An experiment was conducted to determine the iron mobilization rate for various acids. In particular, three organic acids and two inorganic acids were tested. A 100 g iron plate (not corroded) was placed in 500 mL of deionized water. Acid was added to obtain solutions with the acid concentrations and pH shown in Table 2. The pH of the solution was measured with a pH meter and the concentration of iron in the acid solution was measured in mg/L at different periods in time. The Fe(2+) concentration of each solution was measured using the MERCKOQUANT™ Eisen-Test 500 mg/L Fe(II) mg/l (nr. 1.10004.0001) from VWR International of Germany. Additional deionized water was added to a test solution when needed to maintain the concentration of the test solution at 500 mg/L in order to be within the test parameters of the above mentioned test. Due to iron corrosion, ascorbic acid was added to solutions as needed to reduce Fe(+3) to Fe(+2) for acids that oxidize the iron to maintain test parameters. The temperature of each solution was 20° C. The resulting data is shown in Table 2.
Note that the dashes in the table indicate no tests were performed as the amount of iron mobilized already exceeded the maximum iron ion concentration achieved in 1% carboxylic acid.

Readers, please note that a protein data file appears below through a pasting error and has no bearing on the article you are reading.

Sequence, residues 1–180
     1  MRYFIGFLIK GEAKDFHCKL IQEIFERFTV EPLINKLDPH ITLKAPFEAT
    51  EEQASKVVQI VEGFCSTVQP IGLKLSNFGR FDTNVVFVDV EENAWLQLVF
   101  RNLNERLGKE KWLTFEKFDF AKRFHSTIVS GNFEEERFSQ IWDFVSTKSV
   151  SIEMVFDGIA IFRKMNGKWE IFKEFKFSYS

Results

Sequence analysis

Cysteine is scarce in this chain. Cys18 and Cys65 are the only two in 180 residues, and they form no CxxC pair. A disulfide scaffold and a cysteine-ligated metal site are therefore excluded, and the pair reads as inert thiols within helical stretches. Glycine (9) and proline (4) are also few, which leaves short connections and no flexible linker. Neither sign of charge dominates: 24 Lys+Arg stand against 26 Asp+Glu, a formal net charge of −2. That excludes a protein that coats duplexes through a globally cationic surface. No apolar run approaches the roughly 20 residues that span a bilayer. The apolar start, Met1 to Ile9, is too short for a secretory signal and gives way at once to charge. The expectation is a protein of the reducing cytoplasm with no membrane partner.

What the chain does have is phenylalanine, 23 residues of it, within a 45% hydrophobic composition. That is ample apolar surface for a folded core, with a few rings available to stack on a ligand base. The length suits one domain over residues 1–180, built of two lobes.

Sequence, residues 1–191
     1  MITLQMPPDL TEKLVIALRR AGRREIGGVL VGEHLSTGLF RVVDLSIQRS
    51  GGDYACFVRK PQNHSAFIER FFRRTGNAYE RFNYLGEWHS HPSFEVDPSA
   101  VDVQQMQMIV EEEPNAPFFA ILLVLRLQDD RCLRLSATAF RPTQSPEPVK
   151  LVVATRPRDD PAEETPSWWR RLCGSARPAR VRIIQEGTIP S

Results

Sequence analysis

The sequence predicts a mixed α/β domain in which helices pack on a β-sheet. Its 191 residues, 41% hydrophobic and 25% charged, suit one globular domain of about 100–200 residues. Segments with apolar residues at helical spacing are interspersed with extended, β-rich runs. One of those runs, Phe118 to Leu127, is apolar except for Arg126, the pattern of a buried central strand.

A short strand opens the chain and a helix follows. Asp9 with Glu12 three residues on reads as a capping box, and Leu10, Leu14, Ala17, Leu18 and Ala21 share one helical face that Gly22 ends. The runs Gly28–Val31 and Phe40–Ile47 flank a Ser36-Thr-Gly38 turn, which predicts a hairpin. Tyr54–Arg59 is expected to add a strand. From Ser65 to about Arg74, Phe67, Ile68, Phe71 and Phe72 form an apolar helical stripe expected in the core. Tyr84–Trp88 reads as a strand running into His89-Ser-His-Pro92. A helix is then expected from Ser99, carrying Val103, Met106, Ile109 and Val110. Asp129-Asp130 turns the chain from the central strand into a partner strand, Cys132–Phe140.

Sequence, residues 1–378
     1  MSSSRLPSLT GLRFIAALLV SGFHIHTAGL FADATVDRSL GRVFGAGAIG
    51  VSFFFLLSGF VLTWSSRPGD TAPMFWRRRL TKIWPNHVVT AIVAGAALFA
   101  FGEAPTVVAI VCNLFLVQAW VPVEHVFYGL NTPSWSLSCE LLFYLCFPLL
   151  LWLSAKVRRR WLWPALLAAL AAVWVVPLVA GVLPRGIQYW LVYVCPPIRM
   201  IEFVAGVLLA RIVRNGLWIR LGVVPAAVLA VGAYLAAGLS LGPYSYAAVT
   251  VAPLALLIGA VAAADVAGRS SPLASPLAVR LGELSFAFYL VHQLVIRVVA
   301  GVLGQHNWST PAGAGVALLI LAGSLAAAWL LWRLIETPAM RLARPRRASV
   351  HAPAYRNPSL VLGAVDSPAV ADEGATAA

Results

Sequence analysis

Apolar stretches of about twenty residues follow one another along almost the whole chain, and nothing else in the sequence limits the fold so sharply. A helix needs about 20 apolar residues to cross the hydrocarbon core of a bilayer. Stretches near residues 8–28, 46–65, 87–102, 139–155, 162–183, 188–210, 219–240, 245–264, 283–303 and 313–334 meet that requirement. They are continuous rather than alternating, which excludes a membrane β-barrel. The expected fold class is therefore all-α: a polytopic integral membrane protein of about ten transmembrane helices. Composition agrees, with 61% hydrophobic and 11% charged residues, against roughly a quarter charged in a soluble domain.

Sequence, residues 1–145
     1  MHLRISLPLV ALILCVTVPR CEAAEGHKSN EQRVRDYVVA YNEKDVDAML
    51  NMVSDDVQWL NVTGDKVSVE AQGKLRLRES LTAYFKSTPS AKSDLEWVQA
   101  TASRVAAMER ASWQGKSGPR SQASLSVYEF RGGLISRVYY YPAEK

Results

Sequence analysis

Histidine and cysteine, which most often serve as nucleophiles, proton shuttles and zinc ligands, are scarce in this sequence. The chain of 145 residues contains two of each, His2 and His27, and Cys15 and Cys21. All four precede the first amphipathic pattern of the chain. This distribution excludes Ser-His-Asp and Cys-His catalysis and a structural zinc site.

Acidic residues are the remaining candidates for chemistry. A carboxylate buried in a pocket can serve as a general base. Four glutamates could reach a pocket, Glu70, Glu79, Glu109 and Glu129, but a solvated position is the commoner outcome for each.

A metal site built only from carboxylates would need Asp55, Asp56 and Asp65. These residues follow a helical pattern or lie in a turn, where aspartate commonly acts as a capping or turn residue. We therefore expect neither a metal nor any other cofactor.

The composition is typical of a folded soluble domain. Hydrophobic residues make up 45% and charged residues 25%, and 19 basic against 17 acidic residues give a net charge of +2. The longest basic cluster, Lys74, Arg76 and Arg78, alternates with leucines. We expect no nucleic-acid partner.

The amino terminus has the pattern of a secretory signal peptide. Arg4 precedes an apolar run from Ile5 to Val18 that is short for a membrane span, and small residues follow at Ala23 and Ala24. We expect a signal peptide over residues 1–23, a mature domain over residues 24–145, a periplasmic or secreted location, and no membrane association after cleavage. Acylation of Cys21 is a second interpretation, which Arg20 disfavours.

It was observed from the data in Table 2 that the performance of the organic acids was best, namely the acetic acid and formic acid. It was observed that a concentration range from 0.5% to 1.5% of both acetic acid and formic acid reacted nearly identically. It was also observed from the data in Table 2 that the mobilization of iron in the case of inorganic acids was between 5 and 8 times higher than the organic acids.
It will therefore be readily understood by those persons skilled in the art that the present invention is suitable for broad utility and application and not limited to the utility industry. Many embodiments and adaptations of the present invention other than those herein described, as well as many variations, modifications and equivalent arrangements, will be apparent from or reasonably suggested by the present invention and the foregoing description thereof, without departing from the substance or scope of the present invention. Accordingly, while the present invention has been described herein in detail in relation to its preferred embodiment, it is to be understood that this disclosure is only illustrative and exemplary of the present invention and is made merely for purposes of providing a full and enabling disclosure of the invention. The foregoing disclosure is not intended or to be construed to limit the present invention or otherwise to exclude any such other embodiments, adaptations, variations, modifications and equivalent arrangements.